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Mamadou Diabate's music is also speech, says linguist Laura McPherson.
This fall, on Wednesday afternoons, the syncopated rhythms of balafons—African xylophone-like instruments—have been spilling out of Faulkner Recital Hall in the Hopkins Center for the Arts. It's a call-and-response improvisation. In a lilting voice, Mamadou Diabate, one of Burkina Faso's most illustrious musicians, recites a traditional lyric, and beginning players—students and a few faculty— try to find those notes on their balafons, creating a tune that sounds a lot like what they have just heard Diabate say.
In this way, the performers are doing more than adding melody to lyrics. They are directly translating speech into song.
Assistant Professor of Linguistics Laura McPherson and Theodore Levin, the Arthur R. Virgin Professor of Music, are also practicing on balafons. With Diabate, they're co-teaching a class called "The Language-Music Connection." Diabate's band, "Percussion Mania," will perform at 7 p.m. Wednesday, Nov. 7, in Spaulding Auditorium at the Hopkins Center for the Arts.
It's no coincidence, says McPherson, that balafon notes closely approximate the sounds of Seenku, an unwritten language that is still spoken, but is endangered, in Burkina Faso.
"Seenku—also known as Sambla—is a complex tonal language," she says. "You have to pronounce the pitch right in order for words to mean the right thing." For example, she says, the Seenku word for "wood" is phonetically just like the word for "dry," but the speaker distinguishes them by altering vocal pitch.
In 2013, doing field research with language teachers in Burkina Faso, McPherson began exploring the connection between music and speech. "If you need to pay close attention to pitch when you speak, what do you do when you sing?" she asked. Her teachers brought her recordings of Diabate playing the balafon.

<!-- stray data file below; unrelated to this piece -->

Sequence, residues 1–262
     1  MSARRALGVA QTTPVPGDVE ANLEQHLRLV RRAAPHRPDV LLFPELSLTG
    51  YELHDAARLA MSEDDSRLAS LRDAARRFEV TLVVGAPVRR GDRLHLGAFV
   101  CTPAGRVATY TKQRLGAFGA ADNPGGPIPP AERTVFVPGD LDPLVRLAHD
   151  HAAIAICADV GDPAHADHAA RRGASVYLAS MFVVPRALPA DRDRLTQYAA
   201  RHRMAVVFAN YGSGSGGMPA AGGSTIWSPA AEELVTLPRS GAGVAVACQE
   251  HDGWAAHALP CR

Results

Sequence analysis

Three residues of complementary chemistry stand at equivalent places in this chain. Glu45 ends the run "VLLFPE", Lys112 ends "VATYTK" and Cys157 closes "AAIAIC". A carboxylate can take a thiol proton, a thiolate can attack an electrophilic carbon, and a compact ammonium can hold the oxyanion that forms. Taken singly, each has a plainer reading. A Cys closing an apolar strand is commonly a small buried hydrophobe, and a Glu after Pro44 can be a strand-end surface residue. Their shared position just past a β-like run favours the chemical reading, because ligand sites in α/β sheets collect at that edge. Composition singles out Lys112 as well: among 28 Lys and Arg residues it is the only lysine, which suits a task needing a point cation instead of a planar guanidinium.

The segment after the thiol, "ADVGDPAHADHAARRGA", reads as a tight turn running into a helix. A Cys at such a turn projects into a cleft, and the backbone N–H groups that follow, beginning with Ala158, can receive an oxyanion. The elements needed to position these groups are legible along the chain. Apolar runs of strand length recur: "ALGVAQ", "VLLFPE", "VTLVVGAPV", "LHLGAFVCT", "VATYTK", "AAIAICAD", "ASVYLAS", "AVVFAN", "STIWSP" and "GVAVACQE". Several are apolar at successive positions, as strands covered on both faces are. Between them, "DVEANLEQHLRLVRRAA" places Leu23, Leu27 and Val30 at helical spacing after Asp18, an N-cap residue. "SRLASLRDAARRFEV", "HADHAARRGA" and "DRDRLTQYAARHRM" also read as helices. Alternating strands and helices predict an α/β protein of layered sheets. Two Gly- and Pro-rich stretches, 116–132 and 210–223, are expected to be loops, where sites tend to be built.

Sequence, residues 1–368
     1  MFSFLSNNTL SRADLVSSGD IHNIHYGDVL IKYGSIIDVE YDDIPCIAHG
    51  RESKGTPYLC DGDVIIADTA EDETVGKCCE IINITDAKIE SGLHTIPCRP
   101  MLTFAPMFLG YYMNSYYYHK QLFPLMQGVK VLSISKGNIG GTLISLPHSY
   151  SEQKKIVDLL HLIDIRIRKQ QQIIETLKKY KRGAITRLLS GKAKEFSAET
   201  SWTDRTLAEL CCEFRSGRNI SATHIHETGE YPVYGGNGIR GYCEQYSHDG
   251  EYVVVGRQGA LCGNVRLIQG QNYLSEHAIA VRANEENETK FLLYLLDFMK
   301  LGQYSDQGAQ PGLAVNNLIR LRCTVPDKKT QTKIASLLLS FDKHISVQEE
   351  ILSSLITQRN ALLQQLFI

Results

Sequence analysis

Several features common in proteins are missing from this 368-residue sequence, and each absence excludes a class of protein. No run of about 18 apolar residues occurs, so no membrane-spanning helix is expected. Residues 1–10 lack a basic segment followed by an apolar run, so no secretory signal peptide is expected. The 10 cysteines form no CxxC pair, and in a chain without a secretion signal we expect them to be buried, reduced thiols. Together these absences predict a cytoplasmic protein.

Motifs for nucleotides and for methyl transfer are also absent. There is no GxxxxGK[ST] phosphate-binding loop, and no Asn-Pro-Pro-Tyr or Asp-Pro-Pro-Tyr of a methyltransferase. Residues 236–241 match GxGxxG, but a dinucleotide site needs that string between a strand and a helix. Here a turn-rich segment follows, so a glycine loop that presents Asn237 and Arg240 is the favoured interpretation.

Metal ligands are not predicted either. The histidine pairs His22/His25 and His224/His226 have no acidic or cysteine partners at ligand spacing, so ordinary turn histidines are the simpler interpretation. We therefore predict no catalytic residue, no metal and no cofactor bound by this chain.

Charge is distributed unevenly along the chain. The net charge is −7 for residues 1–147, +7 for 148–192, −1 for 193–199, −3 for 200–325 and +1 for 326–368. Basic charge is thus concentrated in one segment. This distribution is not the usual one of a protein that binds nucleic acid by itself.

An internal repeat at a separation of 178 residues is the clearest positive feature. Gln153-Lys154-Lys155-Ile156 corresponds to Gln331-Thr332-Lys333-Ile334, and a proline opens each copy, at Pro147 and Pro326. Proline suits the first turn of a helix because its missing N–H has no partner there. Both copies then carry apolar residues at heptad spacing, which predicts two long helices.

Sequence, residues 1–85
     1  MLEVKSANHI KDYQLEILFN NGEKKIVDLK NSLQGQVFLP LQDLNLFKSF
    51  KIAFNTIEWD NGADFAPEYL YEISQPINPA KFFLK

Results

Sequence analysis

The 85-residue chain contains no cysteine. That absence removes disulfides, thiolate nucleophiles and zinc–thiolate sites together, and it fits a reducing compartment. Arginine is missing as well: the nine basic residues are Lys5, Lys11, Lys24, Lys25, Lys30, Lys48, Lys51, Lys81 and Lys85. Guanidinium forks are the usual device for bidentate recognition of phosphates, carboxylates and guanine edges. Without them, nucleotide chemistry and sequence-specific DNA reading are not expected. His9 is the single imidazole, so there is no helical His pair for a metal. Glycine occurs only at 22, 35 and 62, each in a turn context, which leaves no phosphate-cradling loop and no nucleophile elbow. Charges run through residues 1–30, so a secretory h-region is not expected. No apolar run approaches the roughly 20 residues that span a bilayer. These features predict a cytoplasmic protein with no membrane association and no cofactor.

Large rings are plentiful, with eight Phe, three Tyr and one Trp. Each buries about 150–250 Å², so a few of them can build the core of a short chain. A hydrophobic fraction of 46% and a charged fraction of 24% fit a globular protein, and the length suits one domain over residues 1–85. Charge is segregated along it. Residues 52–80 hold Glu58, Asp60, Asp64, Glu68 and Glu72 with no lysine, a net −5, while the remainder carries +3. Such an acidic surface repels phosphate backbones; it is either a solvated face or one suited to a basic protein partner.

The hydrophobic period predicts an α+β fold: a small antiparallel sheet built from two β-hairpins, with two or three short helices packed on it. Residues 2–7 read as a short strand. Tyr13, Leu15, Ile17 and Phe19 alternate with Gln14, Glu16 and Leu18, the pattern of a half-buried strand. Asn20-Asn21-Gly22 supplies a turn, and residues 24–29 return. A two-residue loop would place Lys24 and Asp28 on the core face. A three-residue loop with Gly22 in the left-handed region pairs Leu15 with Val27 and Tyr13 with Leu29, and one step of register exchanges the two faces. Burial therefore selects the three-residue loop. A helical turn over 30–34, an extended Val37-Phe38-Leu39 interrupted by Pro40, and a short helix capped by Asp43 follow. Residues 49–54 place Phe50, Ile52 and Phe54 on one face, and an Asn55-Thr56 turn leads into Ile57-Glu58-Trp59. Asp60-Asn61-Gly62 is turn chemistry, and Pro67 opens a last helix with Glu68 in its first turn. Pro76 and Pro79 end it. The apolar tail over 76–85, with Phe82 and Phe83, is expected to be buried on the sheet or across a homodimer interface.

"At first, I thought, that doesn't really answer my question," says McPherson. Then came the "aha" moment. When native Seenku speakers told her, "We know what the balafon is saying," she realized how closely music and speech are tonally connected in their language.
The following year brought a non-violent revolution in Burkina Faso, and McPherson didn't return. But she did go to Europe, which is where she tracked down Mamadou Diabate, who was living in Vienna. "He was so famous, I didn't think he'd answer my email," she recalls.
But he did, and invited her for a visit. They have been working closely together ever since to keep the Seenku language alive in music and in speech.
McPherson has a grant from the National Science Foundation to support that work. "My job as a linguist is to document the grammatical structure of Seenku and to figure out how the tonality works," she says. "The tones are clearer on the balafon than in everyday speech, so if I had not met Mamadou, I'd be about three years behind in my research. I feel like the richest person in the world for having learned so much from him about his culture, traditions, language—everything."
Diabate says he owes a debt to McPherson for bringing him and his band to Dartmouth and renewing worldwide interest in the music of his country. Speaking in French, with McPherson translating, he says he had not thought of his tradition as remarkable until she helped him hear how music functions in his culture as a surrogate language—a language that pre-dates the colonial rule that sought to replace his native Seenku with French.
"Laura has opened my mind," Diabate says. "She is a jinn—a spirit who knows everything without having to ask."
Charlotte Albright can be reached at email@example.com